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I'm mostly with Binary Nerd on this, but would like to add a variation. You could store the live data in Neo4j and then extract the data you need for statistics/reporting and put into MySQL. For searches I'd go with the Neo4j-Lucene integration if that fits your needs.

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Relational databases can handle graph structures. Some of them can even handle them moderately elegantly (as elegantly as a relational database gets!).

The key to general graph handling in relational databases is the recursive common table expression (RCTE), which basically lets you iteratively (not recursively, despite the name) expand a query over a set of rows, by combining a query which selects a root set of rows and a query which defines the neighbours of rows selected so far. The syntax is a bit clunky, but it's general and powerful.

RCTEs are supported in PostgreSQL, Firebird, SQL Server, and apparently in DB2. Oracle has a different but equivalent construct; i have read that recent versions support proper RCTEs. MySQL does not support RCTEs. If you aren't wedded to MySQL, i would urge you to consider using PostgreSQL, which is basically a much better database all round.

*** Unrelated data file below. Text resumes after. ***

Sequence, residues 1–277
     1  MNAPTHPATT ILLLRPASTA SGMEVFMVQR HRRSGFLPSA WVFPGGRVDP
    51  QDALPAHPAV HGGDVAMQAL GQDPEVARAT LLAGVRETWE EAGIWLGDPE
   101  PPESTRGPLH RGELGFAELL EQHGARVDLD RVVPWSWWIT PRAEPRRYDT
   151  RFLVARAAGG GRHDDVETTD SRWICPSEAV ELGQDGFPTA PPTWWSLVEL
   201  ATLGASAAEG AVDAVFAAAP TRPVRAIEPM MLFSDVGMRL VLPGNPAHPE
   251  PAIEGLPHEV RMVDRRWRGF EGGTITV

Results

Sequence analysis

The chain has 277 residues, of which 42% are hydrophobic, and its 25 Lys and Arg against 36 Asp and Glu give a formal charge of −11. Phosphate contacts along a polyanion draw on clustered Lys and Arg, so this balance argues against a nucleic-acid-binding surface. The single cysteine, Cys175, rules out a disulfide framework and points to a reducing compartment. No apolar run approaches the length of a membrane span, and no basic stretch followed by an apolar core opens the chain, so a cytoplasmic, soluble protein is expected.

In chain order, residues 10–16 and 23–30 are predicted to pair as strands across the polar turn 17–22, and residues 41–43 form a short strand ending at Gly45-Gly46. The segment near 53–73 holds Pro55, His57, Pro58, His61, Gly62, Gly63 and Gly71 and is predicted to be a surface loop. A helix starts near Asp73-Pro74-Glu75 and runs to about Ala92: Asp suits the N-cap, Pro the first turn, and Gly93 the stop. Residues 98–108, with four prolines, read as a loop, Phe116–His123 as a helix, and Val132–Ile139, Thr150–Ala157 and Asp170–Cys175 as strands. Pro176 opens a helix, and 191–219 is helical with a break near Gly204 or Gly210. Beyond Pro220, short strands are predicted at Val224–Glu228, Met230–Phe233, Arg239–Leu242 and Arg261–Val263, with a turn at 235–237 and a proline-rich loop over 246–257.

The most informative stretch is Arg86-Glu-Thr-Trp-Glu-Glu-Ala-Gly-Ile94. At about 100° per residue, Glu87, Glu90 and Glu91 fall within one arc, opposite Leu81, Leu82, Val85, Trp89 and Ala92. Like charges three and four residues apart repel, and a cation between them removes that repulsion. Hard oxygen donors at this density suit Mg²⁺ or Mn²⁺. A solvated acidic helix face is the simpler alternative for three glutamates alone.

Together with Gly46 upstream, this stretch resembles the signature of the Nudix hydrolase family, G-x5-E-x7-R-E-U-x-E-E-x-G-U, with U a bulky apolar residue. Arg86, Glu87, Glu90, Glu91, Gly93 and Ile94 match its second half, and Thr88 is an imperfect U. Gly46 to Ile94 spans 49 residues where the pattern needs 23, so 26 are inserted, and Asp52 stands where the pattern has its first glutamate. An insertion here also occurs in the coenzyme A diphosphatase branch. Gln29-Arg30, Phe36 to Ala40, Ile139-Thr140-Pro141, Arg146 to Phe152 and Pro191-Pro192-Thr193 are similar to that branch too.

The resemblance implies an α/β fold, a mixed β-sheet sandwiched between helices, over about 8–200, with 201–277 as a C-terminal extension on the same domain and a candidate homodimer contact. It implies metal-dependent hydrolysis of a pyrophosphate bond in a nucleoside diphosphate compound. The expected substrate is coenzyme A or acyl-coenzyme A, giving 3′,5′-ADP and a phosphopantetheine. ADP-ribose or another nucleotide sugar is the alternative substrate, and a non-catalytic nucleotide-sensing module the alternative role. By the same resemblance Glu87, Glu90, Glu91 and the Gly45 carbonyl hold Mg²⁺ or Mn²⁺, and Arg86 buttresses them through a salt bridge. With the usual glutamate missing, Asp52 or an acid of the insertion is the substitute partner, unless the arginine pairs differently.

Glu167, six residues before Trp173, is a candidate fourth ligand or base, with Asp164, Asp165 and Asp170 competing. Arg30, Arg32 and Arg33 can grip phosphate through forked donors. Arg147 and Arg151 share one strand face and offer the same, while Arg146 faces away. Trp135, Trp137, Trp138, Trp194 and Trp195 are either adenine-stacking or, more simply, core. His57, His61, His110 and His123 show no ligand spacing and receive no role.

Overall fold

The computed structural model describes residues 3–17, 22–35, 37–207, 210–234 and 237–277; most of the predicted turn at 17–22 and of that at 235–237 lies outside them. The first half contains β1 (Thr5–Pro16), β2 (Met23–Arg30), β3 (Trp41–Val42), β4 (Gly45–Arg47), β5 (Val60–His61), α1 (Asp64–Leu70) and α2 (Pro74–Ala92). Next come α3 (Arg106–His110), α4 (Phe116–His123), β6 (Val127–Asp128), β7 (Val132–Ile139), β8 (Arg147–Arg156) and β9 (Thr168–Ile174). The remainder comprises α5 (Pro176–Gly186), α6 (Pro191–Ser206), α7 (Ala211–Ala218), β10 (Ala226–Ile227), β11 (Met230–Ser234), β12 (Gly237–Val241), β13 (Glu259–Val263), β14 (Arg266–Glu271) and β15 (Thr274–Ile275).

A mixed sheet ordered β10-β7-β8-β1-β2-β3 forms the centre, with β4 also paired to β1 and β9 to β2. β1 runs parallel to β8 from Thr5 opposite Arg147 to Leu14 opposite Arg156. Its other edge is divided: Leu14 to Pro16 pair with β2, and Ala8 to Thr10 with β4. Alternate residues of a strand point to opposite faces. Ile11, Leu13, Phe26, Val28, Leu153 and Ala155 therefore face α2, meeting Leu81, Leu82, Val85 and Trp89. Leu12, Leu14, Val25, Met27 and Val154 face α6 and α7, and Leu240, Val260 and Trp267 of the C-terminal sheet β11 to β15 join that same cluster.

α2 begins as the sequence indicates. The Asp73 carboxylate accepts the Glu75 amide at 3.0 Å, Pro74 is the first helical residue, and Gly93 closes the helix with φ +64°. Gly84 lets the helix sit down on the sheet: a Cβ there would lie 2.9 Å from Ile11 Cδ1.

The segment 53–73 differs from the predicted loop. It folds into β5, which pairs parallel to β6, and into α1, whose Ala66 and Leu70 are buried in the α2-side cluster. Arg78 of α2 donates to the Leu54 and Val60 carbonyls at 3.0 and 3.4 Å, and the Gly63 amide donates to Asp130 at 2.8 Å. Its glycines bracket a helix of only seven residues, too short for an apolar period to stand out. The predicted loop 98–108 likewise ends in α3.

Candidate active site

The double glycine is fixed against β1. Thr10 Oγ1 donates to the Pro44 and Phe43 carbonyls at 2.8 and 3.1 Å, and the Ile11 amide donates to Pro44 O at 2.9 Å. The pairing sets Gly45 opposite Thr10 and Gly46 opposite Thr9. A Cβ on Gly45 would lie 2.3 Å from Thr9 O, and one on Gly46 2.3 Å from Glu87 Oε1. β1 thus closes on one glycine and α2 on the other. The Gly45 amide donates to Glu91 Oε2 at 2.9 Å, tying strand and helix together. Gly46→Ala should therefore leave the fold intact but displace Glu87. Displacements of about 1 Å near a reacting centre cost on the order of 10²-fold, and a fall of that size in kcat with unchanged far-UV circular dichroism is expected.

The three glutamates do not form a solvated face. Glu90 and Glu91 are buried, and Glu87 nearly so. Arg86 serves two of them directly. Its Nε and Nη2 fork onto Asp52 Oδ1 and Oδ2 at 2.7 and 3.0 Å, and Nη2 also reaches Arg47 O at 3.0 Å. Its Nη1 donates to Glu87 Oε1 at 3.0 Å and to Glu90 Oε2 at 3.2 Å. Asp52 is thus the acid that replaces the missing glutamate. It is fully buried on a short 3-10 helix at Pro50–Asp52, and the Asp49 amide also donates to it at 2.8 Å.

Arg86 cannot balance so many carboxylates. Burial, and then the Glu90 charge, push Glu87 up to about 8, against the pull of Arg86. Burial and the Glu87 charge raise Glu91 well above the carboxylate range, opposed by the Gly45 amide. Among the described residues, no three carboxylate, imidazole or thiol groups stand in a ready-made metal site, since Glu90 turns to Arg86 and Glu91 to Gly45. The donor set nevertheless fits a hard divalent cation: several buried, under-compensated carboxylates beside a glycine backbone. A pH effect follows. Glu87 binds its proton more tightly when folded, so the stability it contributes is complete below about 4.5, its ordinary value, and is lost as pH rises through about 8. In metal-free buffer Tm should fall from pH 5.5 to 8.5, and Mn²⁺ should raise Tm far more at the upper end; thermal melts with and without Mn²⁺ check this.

However, it sounds like you don't need to support general graphs, just trees. In that case, there are more specific options open to you.

One is the classic but rather mindbending nested sets.

A simpler one is to store a path with each row: this is a string which represents the row's position in the tree, and has the property that the path for a node is a prefix of the path for any subnode, which lets you very efficiently do various queries about ancestry ("is node A a child of node B?", "what is node A and node B's lowest common ancestor?", etc). For example, you could construct a path for a row by walking the tree from the root, and joining the IDs of the rows encountered on the way with slashes. This is simple to construct, but does take care to maintain if you rearrange the tree. With a path column, you can restrict a query to a given tree simply by adding and path like '23/%', where 23 is the root's ID.

So, although a graph database is probably the best way to store and query graph data, it is not the only option, and i would suggest you weigh the advantages of using one against the advantages of having all your data in a single database.

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You can improve the query by using IN:

SELECT *
FROM items
WHERE item_id IN (45, 345435, 343, 78, 4522, 676, 443, 4255, 4345)

It is also not entirely true that relational databases are bad at storing tree structures. Certainly MySQL is missing some functionality which would make it easier, but most other databases support it well. Oracle has CONNECT BY. Most of the mainstream RDBMS have some form of recursive queries - MySQL being a notable exception. Perhaps you could take a look at PostgreSQL and see if that meets your needs?

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Or use nested sets, which are good for doing read operations on paths/ sub trees. However, whatever approach you follow, it still feels very much like fighting the tool to me, whereas working with graph databases for appropriate data feels natural, and has the added benefit (theoretical at least) of specific optimization and visualization etc. –  Eelco Jun 9 '11 at 19:48